While South Korea’s #MeToo and anti-molka (hidden camera) movements continue to explode, the nation is also in the grip of “Escape Corset”, a social-media-based movement protesting the country’s impossible beauty standards.

This summer, women went barefaced on Twitter, Instagram and other online communities as they threw away their CC cushion compacts and lipsticks, while some even cut off their hair as they railed against the lookism so prevalent in South Korea.

“I hated my ugly face. I had low self esteem and wore make-up like a mask [all day],” an Instagram user wrote beneath a photo of her destroyed makeup collection. “We don’t have to do it. [I realised] we don’t have to be pretty … and took off the mask that was ruining my life.”

Beauty YouTuber Lina Bae published a video of herself applying makeup along with comments she’d received about her appearance: “Your skin isn’t good [as a] woman, please apply BB cream … I would kill myself if I [looked like] her.” By the end of the video, Bae had defiantly removed all her makeup.

The Escape Corset movement confronts core beliefs about why women must care about their appearance, according to a Harvard gender-studies scholar who asked not to be named in this story. “Radical feminists in Korea began the movement by shaving their heads, removing their makeup and dressing in ways that allowed their bodies to be more active,” she said.

At the latest anti-hidden-camera protest held in early October, thousands of women who protested against spycam sex crimes, revenge porn and gender discrimination were seen sporting the short haircuts – and even buzz cuts – normally worn by men in South Korea. Many of these women were also Escape Corset supporters, and attended the event without any traces of makeup.

This takes a rare willingness to stand out in highly status- and image-focused South Korea, where one’s appearance is a prized commodity and beauty is considered a component of a woman’s success. This contributes to the country’s reputation as a plastic surgery mecca, where an estimated one in every three women have undergone some form of cosmetic procedure.

The country is also home to the K-beauty phenomenon, the now-global beauty movement that has popularised trends such as pale, dewy “glass” skin, as well as the bright pink ombre lips that are currently ubiquitous in Korea and across neighbouring regions such as China and Southeast Asia.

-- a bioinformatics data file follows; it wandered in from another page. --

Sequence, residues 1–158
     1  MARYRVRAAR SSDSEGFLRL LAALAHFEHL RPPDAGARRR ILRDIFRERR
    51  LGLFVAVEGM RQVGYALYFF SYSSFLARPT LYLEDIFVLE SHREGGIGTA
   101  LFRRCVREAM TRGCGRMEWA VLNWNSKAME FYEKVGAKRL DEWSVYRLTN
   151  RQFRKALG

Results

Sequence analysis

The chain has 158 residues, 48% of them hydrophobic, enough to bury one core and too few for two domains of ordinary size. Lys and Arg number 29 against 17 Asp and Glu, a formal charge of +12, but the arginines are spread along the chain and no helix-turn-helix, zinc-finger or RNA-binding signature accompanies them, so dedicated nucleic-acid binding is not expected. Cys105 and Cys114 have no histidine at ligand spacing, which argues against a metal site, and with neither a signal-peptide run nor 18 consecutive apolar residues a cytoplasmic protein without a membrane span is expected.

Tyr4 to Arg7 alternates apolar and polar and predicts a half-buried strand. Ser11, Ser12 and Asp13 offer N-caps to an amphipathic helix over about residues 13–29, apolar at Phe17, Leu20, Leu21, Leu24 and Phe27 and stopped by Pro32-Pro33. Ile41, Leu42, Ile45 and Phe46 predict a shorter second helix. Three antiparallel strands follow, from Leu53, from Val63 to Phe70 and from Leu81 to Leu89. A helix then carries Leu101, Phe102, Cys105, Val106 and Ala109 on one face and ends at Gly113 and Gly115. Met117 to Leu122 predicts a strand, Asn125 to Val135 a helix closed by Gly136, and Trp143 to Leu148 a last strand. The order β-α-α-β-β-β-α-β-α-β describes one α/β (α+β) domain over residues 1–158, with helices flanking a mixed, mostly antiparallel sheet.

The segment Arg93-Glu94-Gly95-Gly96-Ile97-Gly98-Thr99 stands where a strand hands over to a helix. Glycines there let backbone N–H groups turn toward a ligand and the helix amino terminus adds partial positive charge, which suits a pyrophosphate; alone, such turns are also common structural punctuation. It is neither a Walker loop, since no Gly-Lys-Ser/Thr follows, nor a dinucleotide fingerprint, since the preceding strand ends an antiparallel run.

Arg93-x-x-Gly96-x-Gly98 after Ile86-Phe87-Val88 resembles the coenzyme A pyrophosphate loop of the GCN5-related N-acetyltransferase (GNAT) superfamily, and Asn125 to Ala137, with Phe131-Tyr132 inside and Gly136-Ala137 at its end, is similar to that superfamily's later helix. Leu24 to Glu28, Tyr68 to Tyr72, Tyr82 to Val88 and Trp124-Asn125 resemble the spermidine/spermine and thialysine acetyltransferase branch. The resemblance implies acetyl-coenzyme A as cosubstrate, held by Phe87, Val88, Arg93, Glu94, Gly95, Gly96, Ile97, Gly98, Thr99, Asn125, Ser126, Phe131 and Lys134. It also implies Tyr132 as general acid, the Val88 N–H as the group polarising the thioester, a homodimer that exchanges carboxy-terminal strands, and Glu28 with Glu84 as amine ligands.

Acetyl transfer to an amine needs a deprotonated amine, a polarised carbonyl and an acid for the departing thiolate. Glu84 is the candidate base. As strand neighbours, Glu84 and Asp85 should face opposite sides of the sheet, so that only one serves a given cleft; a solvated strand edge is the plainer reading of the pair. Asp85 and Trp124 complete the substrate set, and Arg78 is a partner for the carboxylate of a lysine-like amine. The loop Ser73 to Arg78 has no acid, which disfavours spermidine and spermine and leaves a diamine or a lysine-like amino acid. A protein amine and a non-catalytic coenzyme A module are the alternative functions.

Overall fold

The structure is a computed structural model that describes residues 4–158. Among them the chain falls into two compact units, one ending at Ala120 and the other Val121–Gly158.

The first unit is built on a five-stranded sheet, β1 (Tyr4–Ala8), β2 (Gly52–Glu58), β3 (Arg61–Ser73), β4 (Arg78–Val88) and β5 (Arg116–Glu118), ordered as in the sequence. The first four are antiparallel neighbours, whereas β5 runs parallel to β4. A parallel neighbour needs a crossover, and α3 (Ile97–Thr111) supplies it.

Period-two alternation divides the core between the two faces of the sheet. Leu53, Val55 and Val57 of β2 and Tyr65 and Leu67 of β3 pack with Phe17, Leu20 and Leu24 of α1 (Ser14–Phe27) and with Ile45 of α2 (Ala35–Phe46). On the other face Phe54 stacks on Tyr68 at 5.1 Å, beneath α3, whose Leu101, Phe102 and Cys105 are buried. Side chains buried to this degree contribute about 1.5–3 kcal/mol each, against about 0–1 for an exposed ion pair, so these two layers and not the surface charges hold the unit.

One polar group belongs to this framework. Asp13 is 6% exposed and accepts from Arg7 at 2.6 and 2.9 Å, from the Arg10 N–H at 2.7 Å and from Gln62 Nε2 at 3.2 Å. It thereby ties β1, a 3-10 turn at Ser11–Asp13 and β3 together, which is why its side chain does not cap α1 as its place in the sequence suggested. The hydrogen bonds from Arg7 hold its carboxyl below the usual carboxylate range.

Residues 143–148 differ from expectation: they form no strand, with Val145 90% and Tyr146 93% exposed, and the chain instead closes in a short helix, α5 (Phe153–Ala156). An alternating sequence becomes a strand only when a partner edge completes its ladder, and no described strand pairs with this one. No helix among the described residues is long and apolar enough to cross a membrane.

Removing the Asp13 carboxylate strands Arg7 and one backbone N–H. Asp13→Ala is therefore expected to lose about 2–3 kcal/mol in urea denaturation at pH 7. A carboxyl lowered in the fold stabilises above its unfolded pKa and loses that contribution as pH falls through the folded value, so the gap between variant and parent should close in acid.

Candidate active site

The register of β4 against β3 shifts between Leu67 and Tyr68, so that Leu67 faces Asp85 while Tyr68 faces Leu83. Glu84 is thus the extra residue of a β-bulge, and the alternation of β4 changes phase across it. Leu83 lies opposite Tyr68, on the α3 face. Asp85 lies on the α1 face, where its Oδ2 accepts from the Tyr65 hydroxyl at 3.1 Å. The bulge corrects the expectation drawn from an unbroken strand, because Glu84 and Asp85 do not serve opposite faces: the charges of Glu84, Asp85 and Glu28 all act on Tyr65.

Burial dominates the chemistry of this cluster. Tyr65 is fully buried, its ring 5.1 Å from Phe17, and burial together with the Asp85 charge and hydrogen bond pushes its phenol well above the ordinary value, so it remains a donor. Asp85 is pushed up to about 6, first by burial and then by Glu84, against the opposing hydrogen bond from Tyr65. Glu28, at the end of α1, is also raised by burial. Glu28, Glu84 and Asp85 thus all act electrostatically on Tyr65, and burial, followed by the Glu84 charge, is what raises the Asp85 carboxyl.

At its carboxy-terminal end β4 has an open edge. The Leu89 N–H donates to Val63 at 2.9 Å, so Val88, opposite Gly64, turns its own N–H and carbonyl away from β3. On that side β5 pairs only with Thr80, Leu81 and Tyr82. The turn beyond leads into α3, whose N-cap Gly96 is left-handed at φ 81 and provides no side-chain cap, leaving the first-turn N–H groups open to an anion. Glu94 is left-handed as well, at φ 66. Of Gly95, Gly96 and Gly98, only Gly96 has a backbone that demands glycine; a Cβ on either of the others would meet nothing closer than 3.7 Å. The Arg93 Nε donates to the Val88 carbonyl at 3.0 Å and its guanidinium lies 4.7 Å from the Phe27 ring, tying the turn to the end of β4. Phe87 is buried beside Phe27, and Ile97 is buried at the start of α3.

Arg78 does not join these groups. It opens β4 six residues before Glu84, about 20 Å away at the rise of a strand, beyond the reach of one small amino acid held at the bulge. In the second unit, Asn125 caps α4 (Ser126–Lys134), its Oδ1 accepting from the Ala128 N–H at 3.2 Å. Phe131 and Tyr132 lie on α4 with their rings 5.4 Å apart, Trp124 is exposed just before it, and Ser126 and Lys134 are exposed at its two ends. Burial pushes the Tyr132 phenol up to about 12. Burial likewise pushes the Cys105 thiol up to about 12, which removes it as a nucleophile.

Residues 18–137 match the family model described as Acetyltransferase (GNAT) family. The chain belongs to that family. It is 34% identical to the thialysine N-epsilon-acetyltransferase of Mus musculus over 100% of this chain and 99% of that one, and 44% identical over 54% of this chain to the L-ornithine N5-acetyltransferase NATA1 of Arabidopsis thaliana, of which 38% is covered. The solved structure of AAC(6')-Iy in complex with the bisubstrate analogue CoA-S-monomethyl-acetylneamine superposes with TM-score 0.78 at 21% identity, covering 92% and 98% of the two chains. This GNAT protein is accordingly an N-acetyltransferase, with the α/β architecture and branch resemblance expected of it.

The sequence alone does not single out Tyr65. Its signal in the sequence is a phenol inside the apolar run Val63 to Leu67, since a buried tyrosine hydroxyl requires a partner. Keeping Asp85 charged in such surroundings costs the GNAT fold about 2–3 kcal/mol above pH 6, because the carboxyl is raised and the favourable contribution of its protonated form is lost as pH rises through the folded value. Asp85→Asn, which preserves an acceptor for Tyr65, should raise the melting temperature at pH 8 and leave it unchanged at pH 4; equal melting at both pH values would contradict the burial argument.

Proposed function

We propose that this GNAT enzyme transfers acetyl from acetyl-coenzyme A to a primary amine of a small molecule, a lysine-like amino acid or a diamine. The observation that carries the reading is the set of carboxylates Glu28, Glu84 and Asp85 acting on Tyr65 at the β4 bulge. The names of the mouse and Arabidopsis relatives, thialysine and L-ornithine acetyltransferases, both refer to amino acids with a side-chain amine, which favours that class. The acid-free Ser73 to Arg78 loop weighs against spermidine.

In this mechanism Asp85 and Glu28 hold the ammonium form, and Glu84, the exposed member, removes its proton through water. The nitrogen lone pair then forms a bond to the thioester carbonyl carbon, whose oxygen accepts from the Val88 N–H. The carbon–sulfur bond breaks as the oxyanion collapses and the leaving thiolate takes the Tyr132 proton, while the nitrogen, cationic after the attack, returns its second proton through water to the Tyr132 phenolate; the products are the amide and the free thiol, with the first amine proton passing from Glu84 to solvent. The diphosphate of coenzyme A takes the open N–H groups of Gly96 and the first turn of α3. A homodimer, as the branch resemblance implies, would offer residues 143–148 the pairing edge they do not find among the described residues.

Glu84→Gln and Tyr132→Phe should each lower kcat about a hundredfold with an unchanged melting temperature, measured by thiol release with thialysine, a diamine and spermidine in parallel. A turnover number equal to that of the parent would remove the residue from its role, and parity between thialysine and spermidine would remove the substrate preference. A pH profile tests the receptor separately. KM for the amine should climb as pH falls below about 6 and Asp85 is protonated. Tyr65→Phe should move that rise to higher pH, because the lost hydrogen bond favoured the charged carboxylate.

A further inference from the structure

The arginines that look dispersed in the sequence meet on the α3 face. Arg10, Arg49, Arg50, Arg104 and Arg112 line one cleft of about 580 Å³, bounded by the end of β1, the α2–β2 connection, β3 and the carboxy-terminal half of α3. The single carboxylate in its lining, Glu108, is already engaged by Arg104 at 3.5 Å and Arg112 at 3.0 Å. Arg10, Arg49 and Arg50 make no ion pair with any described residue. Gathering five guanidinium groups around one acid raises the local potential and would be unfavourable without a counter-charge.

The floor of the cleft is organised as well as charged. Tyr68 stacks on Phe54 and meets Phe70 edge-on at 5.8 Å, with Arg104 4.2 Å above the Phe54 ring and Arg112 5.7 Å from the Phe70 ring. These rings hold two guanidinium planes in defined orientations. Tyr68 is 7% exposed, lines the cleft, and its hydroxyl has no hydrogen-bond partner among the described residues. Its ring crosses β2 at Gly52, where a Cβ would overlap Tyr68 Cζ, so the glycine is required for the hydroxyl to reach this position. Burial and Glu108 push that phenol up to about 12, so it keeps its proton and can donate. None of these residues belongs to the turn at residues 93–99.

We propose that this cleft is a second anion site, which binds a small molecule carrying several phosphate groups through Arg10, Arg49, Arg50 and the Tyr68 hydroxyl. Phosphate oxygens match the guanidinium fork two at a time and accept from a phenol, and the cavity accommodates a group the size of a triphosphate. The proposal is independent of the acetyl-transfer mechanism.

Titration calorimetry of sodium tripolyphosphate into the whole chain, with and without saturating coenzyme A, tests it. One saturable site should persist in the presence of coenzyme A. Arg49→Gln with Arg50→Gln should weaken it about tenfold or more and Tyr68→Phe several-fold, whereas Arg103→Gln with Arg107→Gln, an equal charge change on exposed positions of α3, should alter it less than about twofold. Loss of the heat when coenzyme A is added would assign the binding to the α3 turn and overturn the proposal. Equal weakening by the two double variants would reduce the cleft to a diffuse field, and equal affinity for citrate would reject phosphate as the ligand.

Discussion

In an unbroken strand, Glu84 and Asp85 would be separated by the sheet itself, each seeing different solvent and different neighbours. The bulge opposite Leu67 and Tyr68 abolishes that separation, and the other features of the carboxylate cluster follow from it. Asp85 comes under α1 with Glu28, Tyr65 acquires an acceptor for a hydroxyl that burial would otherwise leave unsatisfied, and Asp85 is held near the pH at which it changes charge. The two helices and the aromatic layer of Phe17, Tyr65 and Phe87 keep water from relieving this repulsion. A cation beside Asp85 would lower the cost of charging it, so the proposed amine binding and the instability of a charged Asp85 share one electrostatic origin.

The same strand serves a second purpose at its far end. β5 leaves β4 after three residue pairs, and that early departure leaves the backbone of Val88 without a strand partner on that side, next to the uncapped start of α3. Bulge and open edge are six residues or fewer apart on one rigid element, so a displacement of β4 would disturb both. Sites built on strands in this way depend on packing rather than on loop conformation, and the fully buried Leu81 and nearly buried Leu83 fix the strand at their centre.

Outside of beauty ads and plastic surgery marketing, another cultural quirk which is frequently a central theme in Korean dramas is the notion of becoming more beautiful – which then leads to other successes in life.

The main character of the 2018 television series My ID is Gangnam Beauty undergoes a dramatic image transformation by having cosmetic surgery just before she enters university, and instantly becomes a popular and romantically sought-after member of her freshman class.

In True Beauty , a hugely popular webtoon series, a high-school student is similarly transformed into an unrecognisable beauty after harnessing the power of YouTube makeup tutorials. There’s also an episode of the web series Thursday, in which a young college student talks about the experience of being treated better by her peers and strangers after having plastic surgery.

While these are works of fiction, they reflect a reality all women face. And it’s not just adult women – Korean children and teenagers say they feel pressured to wear cosmetics in order to fit in. In a 2015 survey by a local broadcaster, 91.6 per cent of junior-school-aged girls had worn makeup at some point, while a 2017 Korea Herald report said most girls between the ages of 10 and 12 owned on average three cosmetics products – mainly lip stains or BB cream.

“In South Korea, the standard of beauty is out of our control. Typically, women should have fair skin, be 162cm to 168cm tall [over 170cm is too tall] … weigh less than 48kg, have large eyes, a perfect nose, and long hair,” said the Korean gender studies expert.

“These standards are common [for women] when applying for part-time jobs that don’t require much skill. ‘If a cashier is pretty then customers will enjoy the experience better, [therefore] we should hire pretty girls’ – this becomes treated like a true statement.”

Ultimately, women should be allowed to be themselves, she adds. “We should see women as they are, rather than only accepting them when they’re decorated and dolled up.